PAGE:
32. Sugggested the formation of two breakout groups that could discuss these issues in depth and prepare recommendations for the KSID management to take up later.

In the discussions that followed Shri Jogi Panghal stressed that the visual mapping project may be taken up as a priority area. Prof M P Ranjan called for a multi disciplinary approach and said that besides designers the use of anthropologists and ethnographers may also be considered but work must be in a design mode of finding new opportunities rather than just collecting facts.

Prof M P Ranjan stressed the need for spreading design knowledge specifically in Kerala by the use of the local language in both schools as well as at the college levels as an activity for the KSID to take up that would bring it visibility for its intellectual contributions and a better understanding of the complex subject that is much needed in India today. Kerala and KSID could take leadership by producing some popular design books that explain the subject in the local language as a co-branded product or an KSID imprint in cooperation with the publishers as well ast the authors of the selected works. He specifically recommended two books listed below for consideration.
1. Design and Environment by Prof Kumar Vyas, National Institute of Design, Ahmedabad 2009
2. Design: A very Short Introduction, by Prof John Heskett, Oxford University Press – India Edition, New Delhi, 2007

Image07: Day two: Session five

Working Groups Formed
1. Administrative and Infrastructure needs of KSID
2. Programmes and Activities for KSID

Working groups assembled in two parts of the conference room and over two sessions worked our=t a checklist of recommendations that were captured on chart paper diagrams and these were presented to the plenary session in the presence of Prof Prabhat Patnaik. Base on these discussions the following recommendations emerged.

1. Administrative and Infrastructure needs of KSID
– to be detailed out and listed here by Shri P T Girish based on the notes from Prof T Y Vinod Krishnan (pictures of chart paper attached)

2. Programmes and Activities for KSID
– to be detailed out and listed here by Shri P T Girish based on presentation by Prof M P Ranjan and Shri Jogi Panghal (Pictures of chart paper used in presentation attached)

Concluding Session
Prof Pratap Patnaik summed up the conference presentations and complimented the delegates for the huge effort that had been put in over the two days at Kovalam. He agreed that the Infrastructure plans and activity plans for the KSID would need to be informed by flexibility in thinking and both the space and faculty planning had scope for innovation. He agreed that flexibility was important for a design institute and that all design institutes must be open to new ideas. He agreed that the KSID had started out as an Institute for design and the crafts sector could well be one of its major areas of focus in the early years. The intentions of the KSID have been articulated in the MOA based on which it was registered but the Government of Kerala had an open mind and the experts could shape the institute as we moved forward. However he suggested that we should not loose sight of design as a driver for the activities at the KSID.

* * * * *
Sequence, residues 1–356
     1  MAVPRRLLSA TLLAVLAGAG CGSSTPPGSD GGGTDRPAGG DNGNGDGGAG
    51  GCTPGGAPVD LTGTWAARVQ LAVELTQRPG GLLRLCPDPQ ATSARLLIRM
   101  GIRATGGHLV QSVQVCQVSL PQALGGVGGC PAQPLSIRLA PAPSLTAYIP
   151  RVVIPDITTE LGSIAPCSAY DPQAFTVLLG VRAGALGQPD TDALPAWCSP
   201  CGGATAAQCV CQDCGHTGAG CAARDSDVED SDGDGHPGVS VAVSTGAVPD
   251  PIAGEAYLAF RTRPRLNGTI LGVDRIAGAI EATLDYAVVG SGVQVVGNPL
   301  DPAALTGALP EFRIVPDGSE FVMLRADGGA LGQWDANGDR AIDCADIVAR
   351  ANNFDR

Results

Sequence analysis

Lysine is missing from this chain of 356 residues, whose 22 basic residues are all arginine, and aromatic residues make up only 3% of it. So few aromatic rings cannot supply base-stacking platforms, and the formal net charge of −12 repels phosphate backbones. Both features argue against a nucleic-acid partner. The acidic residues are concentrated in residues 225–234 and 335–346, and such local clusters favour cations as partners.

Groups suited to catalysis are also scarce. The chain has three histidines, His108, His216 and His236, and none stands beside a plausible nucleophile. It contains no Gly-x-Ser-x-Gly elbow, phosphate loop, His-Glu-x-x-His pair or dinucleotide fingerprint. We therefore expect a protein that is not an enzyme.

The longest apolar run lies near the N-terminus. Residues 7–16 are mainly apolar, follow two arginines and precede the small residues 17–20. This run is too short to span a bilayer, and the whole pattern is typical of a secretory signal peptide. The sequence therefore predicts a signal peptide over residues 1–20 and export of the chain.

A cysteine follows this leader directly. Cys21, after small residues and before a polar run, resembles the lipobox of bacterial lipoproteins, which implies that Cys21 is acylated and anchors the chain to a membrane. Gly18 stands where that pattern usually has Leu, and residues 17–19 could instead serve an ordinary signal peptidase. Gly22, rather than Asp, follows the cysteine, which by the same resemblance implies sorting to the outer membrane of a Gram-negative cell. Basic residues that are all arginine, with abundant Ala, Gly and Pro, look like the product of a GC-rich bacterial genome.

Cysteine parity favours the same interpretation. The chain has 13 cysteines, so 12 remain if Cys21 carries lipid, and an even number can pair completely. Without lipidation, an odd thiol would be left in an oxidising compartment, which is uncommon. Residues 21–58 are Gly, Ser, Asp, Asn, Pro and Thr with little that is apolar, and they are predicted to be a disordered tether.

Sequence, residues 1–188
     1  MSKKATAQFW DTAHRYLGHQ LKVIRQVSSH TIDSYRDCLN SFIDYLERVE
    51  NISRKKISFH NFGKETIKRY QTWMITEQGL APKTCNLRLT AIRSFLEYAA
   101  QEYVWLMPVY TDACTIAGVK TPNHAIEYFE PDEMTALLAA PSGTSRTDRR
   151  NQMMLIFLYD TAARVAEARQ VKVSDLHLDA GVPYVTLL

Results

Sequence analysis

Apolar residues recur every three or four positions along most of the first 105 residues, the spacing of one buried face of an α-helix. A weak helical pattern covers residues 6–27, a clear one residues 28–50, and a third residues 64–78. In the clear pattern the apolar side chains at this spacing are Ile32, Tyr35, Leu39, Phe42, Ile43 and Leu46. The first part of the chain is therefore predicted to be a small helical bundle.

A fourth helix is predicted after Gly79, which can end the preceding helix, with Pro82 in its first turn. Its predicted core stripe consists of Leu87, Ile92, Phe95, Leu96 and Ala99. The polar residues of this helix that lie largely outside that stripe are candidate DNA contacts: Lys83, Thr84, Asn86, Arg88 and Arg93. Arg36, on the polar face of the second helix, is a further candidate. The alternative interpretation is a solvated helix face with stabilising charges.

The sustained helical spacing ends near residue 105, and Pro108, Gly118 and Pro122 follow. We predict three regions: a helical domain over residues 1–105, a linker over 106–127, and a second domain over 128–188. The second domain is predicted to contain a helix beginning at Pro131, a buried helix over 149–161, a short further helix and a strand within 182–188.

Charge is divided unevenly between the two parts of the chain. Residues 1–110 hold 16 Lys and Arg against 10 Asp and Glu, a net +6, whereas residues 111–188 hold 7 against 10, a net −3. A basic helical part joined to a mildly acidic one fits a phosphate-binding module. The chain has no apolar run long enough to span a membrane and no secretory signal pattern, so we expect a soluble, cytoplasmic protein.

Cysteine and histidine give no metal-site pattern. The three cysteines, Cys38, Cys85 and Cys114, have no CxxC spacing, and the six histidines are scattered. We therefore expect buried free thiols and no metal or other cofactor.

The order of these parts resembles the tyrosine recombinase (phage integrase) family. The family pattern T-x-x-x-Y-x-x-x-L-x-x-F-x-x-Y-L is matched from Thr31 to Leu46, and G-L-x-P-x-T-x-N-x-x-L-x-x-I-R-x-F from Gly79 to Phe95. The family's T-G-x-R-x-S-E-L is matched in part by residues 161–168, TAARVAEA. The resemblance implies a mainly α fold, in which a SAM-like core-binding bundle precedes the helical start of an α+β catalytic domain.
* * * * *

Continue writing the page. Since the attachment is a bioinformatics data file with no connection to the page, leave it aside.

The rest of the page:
He opined that KSID may face many hurdles and being in the Government sector may bring in its own constraints but this he felt should not burden the KSID and sometimes the struggle is within ourselves in articulating clearly where we would like to go from here. Frozen structures can only damage the long term viability of any entity and many great institutes tend to loose their vitality after sometime. He urged that the KSID would work in ways to keep this vitality alive for a long time to come and this needs vision and a clarity of mission. He recalled that in the West there are many institutes of excellence that have kept amazing us repeatedly over long periods of time, some over 100 or more years. History of its establishment may have set up some constraints for the KSID but while finance may take some time to respond he did not feel that there were any major constraints that would impede the development of an institute such as the KSID. He felt that there was a need to continue the dialogue with experts as had been done over the past two days and while the Geography in Kerala may be a bit of a constraint with limits set by the hills and the seas the mind need not be limited by these geographic limitations. He suggested that both the Governing Body and an Executive Body or Council could be considered if found necessary for operational reasons and thanked the members for their contributions at the conference and workshop sessions at Kovalam over the past two days.

The above post was drafted based on my notes at the two day conference at Kovalam on 9th and 10th November 2009.